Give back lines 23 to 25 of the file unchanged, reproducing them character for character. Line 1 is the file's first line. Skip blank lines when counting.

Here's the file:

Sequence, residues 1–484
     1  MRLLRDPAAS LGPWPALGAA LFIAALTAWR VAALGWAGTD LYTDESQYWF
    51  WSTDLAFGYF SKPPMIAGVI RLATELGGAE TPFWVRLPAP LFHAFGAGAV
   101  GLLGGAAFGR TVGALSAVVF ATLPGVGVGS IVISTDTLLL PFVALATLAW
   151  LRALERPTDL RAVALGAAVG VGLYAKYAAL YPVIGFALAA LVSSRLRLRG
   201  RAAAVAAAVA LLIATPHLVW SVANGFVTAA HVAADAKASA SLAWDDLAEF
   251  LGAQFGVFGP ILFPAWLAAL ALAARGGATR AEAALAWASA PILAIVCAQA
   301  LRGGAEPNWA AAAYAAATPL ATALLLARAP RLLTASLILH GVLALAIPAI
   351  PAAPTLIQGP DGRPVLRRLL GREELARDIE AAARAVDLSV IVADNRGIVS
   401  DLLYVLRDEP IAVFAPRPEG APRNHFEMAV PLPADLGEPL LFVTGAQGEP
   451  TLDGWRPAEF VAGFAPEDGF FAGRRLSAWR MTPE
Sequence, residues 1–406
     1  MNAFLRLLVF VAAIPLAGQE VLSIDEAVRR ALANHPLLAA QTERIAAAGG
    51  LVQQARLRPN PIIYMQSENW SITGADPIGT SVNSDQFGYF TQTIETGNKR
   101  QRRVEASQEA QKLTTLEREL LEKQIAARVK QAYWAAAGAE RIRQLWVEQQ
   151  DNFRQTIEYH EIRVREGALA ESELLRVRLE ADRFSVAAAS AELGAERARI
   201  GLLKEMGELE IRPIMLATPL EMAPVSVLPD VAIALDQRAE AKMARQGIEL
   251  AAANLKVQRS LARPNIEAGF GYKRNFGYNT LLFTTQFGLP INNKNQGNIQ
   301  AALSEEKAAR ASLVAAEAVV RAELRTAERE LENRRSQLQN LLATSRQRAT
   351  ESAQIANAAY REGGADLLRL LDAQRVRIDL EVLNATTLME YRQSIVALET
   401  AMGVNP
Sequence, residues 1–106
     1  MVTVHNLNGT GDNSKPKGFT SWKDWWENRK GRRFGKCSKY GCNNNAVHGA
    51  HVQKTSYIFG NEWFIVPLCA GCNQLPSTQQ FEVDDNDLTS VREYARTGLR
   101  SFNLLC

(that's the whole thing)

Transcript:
     1  MVTVHNLNGT GDNSKPKGFT SWKDWWENRK GRRFGKCSKY GCNNNAVHGA
    51  HVQKTSYIFG NEWFIVPLCA GCNQLPSTQQ FEVDDNDLTS VREYARTGLR
   101  SFNLLC